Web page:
31. Why are you in the ministry and can you satisfy your calling by occupation of the pulpit alone or must you pour out your life into others to fulfill your calling?
  32. Have you ever preached a good sermon that gave you total satisfaction? When have you fully discharged your gospel duty? If the glory of God is the end of preaching, what part does man’s response have in the successful preaching of Christ?
  33. What role does prayer have in your life? In your ministry? In the church? When does this church pray corporately? Are we meeting a minimum or acceptable Biblical standard of prayer today?
  34. What are the central components of corporate worship?
  35. What are the ordinances of the church?
  36. When was the last Communion service at SGBC? Why are they so infrequent and is something lost in their absence? What has taken the place of Communion?
  37. How would you distinguish your calling to the ministry from another’s job? What are the inherent dangers of seeing yourself as an employee on the clock? Why is it important for you and staff to be visible at most services? With the new schedule do you intend to exercise a sort of liberty of absence?
  38. Who do you work for and how do you answer to them? Why should your intended absence be previously announced to the church at large beforehand and not to a select few?
  39. What happens when you don’t get your way or when things don’t go your way? Do you see yourself as a man under authority?
  40. When was the last time you were told “NO!” (I am not referencing a NO by your wife.) Perhaps by staff? How did you respond? What was the last occasion that you publicly confessed sin to your fellow staff members in the ministry? 
  41. What is the process whereby decisions are made in the church and how is the church body involved? Are we elder ruled, deacon ruled, elder/pastor ruled by congregational consent, or does the preaching pastor generally get what he wishes? I really don’t know and I would like to know how the practical functioning of government and decisions are fleshed out.( I have witnessed abuse by an authoritarian style of ministry in the past.)
  42. How can three separate worship services promote unity of one Body with one mind, in one voice and in one accord? Is that wise or even possible and will it not possibly result in the essential formation of three separate churches rather than one Body?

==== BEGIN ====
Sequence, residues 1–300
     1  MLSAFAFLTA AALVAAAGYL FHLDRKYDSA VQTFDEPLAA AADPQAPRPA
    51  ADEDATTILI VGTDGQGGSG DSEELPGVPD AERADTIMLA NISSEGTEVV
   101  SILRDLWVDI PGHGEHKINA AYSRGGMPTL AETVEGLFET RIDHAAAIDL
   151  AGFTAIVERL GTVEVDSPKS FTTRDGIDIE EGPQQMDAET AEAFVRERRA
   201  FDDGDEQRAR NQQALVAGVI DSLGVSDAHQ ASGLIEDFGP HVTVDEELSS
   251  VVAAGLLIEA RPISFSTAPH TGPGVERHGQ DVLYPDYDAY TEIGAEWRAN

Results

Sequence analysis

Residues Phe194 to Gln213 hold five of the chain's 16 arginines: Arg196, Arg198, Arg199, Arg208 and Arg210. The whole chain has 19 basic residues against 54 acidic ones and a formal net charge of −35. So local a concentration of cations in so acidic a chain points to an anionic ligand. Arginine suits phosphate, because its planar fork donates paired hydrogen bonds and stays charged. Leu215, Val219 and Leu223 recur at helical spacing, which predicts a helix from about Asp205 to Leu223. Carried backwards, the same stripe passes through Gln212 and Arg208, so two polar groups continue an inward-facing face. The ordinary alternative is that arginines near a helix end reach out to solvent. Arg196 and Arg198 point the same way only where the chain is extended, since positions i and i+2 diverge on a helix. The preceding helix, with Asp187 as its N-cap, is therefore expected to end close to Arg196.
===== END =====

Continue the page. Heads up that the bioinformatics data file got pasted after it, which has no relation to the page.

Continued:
43. What in your opinion is the greatest need of the church today? What is the greatest threat to the church? What is the greatest danger to your ministry personally? (Please don’t say these questions or one who asks them.)
  44. What steps are you taking to avoid a simplistic event-oriented Christianity that emphasizes an aesthetic or entertainment value over an encounter-participatory worship experience that actually encourages communion with and transformation by the living God? One is spectator-oriented and the other is participatory that sees God.
  45. Which of the calling requirements (Timothy/Titus) to ministry as elder/pastor causes you the most angst and why? How do you, and who honestly assists you in your ongoing evaluation of continued personal fitness for the ministry? How often do you open yourself up to scrutiny by others? The real question here is, who pastors you and your family? Do you believe a pastor needs a pastor?
  46. Statistics indicate many pastors struggle with pornography and we know it is ubiquitous. (They have solitude, access and opportunity.) How do you guard your heart/eyes, and who holds you accountable?
  47. Do you take criticism well? Would you like some constructive criticism? Do these questions anger you? That is not my intent.
  48. What part of man was affected by the Fall and to what extent? What are the implications of this corruption and curse?
  49. What role do we have in salvation by grace? How do you communicate man’s responsibility but hold to God’s sovereignty?
  50. How does a dead man of Ephesians 2 come to Christ? What are the conditions of salvation? Does the new birth precede repentance and faith, or do repentance and faith move God to grant the new birth? (This is really not the proverbial chicken/egg question and is actually very crucial in your practical methodology applied to men in the Gospel call.)
  51. How do you explain Philippians 2:12-13 to a new convert? To yourself? To me?
  52. Why do you believe and why do you preach? What will you do if all you hold dear is taken from you? Would you be content with God alone? “ He who has God and everything has no more than he who has God and nothing.” (GKC) Is this true?
  53. Do you struggle with options or with the temptation to implement an apparent viable Plan B in a secular world to find more temporal happiness or security?
  54. Describe worship in spirit and truth, and what are its signs that we have arrived or are at least that we have begun the journey off the mount or out of Jerusalem back to the Father?
  55. What is the multifaceted goal or ultimate end of your ministry at SGBC in particular?
  56. Finally: Have you read, and if not, would you and your staff purpose to read and interact over…
    Preaching and Preachers by Lloyd Jones
    Dangerous Calling by Paul David Tripp
    Lectures to My Students by Spurgeon
    Preaching by Keller
    Brothers, We are Not Professionals by Piper
    The Reformed Pastor by Baxter
    Power Through Prayer by EM Bounds